DOWNING: Well, from a fan's perspective, I mean, it should be interesting to find out what people feel about the interpretation of a classic song because people know these songs for what they were and what they are. So it should be interesting. I don't expect all the feedback to be 100 percent positive in my direction, but, you know, it gives you something to talk about.

SUAREZ: You came up in Brooklyn.

DOWNING: Yes, I did.

SUAREZ: And the '70s and early '80s - things were going in a lot of different directions with the early days of hip-hop, along with some of the classic times of R&B. How does a guy who wants to be in this business, who wants to be a creator figure it out for himself?

DOWNING: Well, I didn't figure it out. It kind of fell into place. Primarily when I started in this business, I was a background vocalist, so I did whatever was required. I also came up in the era of club music and house music, "The Sound Of Chicago." I would put these records out under assumed names, so I've been a guy named Wally Jump Junior and the Criminal Element on Criminal Records. I was RT and the Rockmen Unlimited. I was a group called NV (ph).

So I did all those things before I kind of found out what I wanted to do musically. And when I did find out in 1988, I released my very first solo project. And the first song that I released was actually an artist that I covered on this latest record which was Deniece Williams.


DOWNING: (Singing) Black butterfly sailed across the waters, tell your sons and daughters what the struggle brings.

SUAREZ: What's changed about R&B in the mix of the music world since those days?

DOWNING: Oh, what hasn't changed? You don't hear as much instrumentation as you used to hear. Back in the day, you'd hear live drums, keyboards, strings, horns. Those days, you know - not so much. I don't know if it's a cost factor or just the sound of the world has changed, but I've kind of gone back to my roots on this recording. So on this recording, you get to hear live strings.

SUAREZ: So real people?

DOWNING: All real folk. Folks got - they've got employed, and they played well. So that's the job. That's the way it used to be, and I'm bringing it back.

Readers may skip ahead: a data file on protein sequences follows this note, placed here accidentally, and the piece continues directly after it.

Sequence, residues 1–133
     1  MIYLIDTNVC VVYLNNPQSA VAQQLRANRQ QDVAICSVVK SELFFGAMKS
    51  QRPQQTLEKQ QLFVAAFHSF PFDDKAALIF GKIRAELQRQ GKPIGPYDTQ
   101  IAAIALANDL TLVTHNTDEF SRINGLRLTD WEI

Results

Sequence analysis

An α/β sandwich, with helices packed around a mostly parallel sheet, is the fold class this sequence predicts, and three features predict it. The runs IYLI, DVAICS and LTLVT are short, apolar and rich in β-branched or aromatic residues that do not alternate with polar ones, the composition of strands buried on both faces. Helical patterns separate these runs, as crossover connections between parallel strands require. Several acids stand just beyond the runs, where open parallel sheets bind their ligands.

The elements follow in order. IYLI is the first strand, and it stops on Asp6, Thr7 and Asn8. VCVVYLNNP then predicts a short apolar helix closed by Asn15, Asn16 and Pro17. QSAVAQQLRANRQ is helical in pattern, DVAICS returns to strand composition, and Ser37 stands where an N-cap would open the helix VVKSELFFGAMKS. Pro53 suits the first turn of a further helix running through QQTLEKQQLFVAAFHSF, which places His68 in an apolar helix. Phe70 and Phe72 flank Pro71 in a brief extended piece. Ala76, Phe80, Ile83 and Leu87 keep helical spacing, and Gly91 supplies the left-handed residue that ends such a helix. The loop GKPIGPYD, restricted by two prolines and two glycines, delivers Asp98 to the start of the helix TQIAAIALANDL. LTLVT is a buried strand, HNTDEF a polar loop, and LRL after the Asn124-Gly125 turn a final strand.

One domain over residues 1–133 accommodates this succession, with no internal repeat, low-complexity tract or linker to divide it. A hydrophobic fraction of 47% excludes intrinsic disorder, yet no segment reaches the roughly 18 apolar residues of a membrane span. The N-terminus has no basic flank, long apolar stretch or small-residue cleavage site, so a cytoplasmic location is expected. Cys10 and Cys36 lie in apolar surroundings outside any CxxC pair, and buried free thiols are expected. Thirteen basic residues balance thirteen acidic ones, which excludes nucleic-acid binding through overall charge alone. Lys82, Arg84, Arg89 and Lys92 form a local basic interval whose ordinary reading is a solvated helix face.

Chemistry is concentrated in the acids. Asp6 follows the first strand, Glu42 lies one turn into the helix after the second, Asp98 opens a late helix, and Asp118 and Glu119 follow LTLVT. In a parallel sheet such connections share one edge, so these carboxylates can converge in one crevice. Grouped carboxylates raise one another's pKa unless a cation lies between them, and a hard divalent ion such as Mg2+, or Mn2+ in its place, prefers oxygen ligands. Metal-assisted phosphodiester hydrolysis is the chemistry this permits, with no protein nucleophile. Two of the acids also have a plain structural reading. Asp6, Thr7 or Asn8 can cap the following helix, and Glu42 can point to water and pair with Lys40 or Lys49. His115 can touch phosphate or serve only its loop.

SUAREZ: You mentioned The Jones Girls. This song...

DOWNING: "Nights Over Egypt," a song originally done by The Jones Girls, so...

SUAREZ: How do you make it your own?

DOWNING: Well, I've just always loved the song. And it's funny, like, when you interpret these songs the way you think you know a song and then when you sit down and you have to do it and perform, it's like I never knew what the lyric was (laughter). I didn't realize what, OK - well, what does that mean? So it kind of made me do a little bit of homework, and I hope I did it some justice.


DOWNING: (Singing) There's a star in the east over pyramids at Kingstown where there once lived a girl. She ruled the world. Then down the Nile she came with a smile.

(Singing) He was the king. She was the queen under the moonlight.

Wasn't there - I can't remember the rest. But (singing) nights over Egypt, nights over Egypt.

There you go. My music teacher would be happy I put that T at the end.

SUAREZ: (Laughter).

DOWNING: (Singing) Egypt.


SUAREZ: Will, thanks for coming on the show.

DOWNING: Thanks, man.


DOWNING: (Singing) I live the street life because there's no place I can go. Street life, it's the only life I know. Street life...

SUAREZ: That was singer Will Downing. His latest album is called "Black Pearls."


DOWNING: (Singing) Until you play your life away. Other people see just who you want to be. And every night you shine.